grows into a man who often speaks of his childhood in the third-person, as if it will

somehow dull the pain and make him sound more modest about his talents.

A smart Indian is a dangerous person, widely feared and ridiculed by Indians and

non-Indians alike. I fought with my classmates on a daily basis. They wanted me to stay

quiet when the non-Indian teacher asked for answers, for volunteers, for help. We were

Indian children who were expected to be stupid. Most lived up to those expectations

inside the classroom but subverted them on the outside. They struggled with basic

reading in school but could remember how to sing a few dozen powwow songs. They

were monosyllabic in front of their non-Indian teachers but could tell complicated stories

and jokes at the dinner table. They submissively ducked their heads when confronted by

a non-Indian adult but would slug it out with the Indian bully who was 10 years older. As

Indian children, we were expected to fail in the non-Indian world. Those who failed were

ceremonially accepted by other Indians and appropriately pitied by non-Indians.

I refused to fail. I was smart. I was arrogant. I was lucky. I read books late into

the night, until I could barely keep my eyes open. I read books at recess, then during

lunch, and in the few minutes left after I had finished my classroom assignments. I read

books in the car when my family traveled to powwows or basketball games. In shopping

malls, I ran to the bookstores and read bits and pieces of as many books as I could. I

read the books my father brought home from the pawnshops and secondhand. I read the

books I borrowed from the library. I read the backs of cereal boxes. I read the

newspaper. I read the bulletins posted on the walls of the school, the clinic, the tribal

offices, the post office. I read junk mail. I read auto-repair manuals. I read magazines. I

read anything that had words and paragraphs. I read with equal parts joy and

desperation. I loved those books, but I also knew that love had only one purpose. I was

trying to save my life.

Despite all the books I read, I am still surprised I became a writer. I was going to

be a pediatrician. These days, I write novels, short stories, and poems. I visit schools

and teach creative writing to Indian kids. In all my years in the reservation school

system, I was never taught how to write poetry, short stories or novels. I was certainly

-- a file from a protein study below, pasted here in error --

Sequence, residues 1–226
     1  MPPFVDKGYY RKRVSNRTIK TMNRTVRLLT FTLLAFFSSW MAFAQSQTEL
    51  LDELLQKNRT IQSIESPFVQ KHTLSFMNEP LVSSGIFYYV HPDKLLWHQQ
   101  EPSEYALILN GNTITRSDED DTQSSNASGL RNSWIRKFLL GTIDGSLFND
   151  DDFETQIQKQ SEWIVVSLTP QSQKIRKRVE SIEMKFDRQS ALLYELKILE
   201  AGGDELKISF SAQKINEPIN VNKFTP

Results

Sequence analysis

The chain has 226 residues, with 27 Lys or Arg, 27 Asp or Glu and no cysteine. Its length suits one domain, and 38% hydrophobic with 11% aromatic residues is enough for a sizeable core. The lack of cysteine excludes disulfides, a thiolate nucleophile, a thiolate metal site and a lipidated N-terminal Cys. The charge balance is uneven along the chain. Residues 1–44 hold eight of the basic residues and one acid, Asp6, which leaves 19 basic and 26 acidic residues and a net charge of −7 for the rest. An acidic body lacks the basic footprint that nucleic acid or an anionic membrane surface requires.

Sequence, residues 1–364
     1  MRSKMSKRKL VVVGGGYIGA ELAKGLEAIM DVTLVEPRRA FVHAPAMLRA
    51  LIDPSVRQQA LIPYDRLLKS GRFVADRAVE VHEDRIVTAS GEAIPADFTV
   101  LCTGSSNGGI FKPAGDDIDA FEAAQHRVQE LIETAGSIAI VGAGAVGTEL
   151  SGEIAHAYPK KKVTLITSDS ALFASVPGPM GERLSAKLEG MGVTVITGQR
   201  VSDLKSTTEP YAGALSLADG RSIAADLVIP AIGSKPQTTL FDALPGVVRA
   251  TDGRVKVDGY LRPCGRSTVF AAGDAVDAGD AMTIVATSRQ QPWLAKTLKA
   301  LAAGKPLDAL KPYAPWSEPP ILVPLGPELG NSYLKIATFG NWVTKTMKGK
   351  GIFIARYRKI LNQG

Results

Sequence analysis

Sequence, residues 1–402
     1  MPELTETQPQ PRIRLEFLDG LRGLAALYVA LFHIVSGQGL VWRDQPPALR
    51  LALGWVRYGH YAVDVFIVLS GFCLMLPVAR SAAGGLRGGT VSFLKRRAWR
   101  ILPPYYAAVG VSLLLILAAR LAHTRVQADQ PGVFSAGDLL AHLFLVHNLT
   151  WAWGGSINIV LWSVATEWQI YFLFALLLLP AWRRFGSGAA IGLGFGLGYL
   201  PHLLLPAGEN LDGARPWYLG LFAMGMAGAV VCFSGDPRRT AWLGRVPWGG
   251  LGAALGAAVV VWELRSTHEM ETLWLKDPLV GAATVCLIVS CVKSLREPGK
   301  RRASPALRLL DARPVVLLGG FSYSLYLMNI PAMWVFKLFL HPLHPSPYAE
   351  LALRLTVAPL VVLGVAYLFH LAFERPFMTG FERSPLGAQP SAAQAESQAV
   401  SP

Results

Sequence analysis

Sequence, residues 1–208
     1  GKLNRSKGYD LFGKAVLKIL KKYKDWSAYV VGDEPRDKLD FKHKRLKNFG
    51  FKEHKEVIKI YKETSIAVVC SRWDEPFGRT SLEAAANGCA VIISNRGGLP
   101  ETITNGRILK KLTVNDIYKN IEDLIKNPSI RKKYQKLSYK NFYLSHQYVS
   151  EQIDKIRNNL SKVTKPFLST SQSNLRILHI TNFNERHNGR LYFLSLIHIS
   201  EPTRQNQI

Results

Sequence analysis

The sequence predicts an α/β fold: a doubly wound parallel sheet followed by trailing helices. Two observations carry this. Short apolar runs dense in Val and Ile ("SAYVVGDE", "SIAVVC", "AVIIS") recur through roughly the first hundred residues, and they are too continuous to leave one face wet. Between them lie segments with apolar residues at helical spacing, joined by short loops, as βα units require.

never taught that Indians wrote poetry, short stories and novels. Writing was something

beyond Indians. I cannot recall a single time that a guest teacher visited the reservation.

There must have been visiting teachers. Who were they? Where are they now? Do they

exist? I visit the schools as often as possible. The Indian kids crowd the classroom.

Many are writing their own poems, short stories and novels. They have read my books.

They have read many other books. They look at me with bright eyes and arrogant

wonder. They are trying to save their lives. Then there are the sullen and already

defeated Indian kids who sit in the back rows and ignore me with theatrical precision.

The pages of their notebooks are empty. They carry neither pencil nor pen. They stare

out the window. They refuse and resist. “Books,” I say to them. “Books,” I say. I throw

my weight against their locked doors. The door holds. I am smart. I am arrogant. I am

lucky. I am trying to save our lives.

Assignment discussion

Post one or two paragraphs describing your reaction to Alexie’s memoir about learning to read and how he expresses his commitment to social change in his community.

How is it the same or different from your own story of learning?

Post an additional paragraph about your views on how technology frames our perspective. Comment on what you found the most or least surprising in the TEDTalk video on this subject.


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How is it the same or different from your own story of learning